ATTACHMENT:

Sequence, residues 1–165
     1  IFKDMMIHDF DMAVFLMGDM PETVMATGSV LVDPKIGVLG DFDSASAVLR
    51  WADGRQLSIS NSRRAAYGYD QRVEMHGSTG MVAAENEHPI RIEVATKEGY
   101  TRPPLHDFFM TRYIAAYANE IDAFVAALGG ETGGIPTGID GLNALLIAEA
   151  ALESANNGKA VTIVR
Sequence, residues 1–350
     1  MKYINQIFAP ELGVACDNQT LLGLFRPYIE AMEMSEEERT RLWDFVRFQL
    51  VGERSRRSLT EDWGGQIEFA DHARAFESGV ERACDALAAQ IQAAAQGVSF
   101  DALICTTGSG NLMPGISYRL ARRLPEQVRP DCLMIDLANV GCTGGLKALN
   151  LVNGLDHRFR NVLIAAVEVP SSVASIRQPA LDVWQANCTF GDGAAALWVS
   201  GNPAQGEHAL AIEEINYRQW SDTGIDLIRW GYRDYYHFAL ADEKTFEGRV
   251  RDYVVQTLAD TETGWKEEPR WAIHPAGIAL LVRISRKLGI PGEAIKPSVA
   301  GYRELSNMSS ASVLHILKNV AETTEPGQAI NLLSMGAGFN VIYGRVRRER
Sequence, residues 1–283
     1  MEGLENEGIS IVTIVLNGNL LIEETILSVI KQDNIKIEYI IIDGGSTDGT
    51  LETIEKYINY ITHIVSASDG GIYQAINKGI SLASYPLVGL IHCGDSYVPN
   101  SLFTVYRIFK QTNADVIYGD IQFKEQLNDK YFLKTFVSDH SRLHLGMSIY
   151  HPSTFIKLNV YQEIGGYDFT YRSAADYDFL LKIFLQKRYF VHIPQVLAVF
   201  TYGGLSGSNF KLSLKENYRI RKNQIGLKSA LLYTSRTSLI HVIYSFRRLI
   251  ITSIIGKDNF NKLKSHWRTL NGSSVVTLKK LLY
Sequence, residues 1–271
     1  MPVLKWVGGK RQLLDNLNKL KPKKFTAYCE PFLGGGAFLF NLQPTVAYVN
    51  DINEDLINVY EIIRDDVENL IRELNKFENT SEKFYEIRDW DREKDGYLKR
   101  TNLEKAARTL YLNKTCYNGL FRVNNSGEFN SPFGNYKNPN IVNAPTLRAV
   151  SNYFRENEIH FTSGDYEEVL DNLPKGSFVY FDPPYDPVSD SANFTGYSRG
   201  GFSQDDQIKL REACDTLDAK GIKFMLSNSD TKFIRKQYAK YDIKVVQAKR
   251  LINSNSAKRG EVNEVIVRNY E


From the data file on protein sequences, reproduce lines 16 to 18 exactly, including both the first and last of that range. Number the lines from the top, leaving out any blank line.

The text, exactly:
    51  LETIEKYINY ITHIVSASDG GIYQAINKGI SLASYPLVGL IHCGDSYVPN
   101  SLFTVYRIFK QTNADVIYGD IQFKEQLNDK YFLKTFVSDH SRLHLGMSIY
   151  HPSTFIKLNV YQEIGGYDFT YRSAADYDFL LKIFLQKRYF VHIPQVLAVF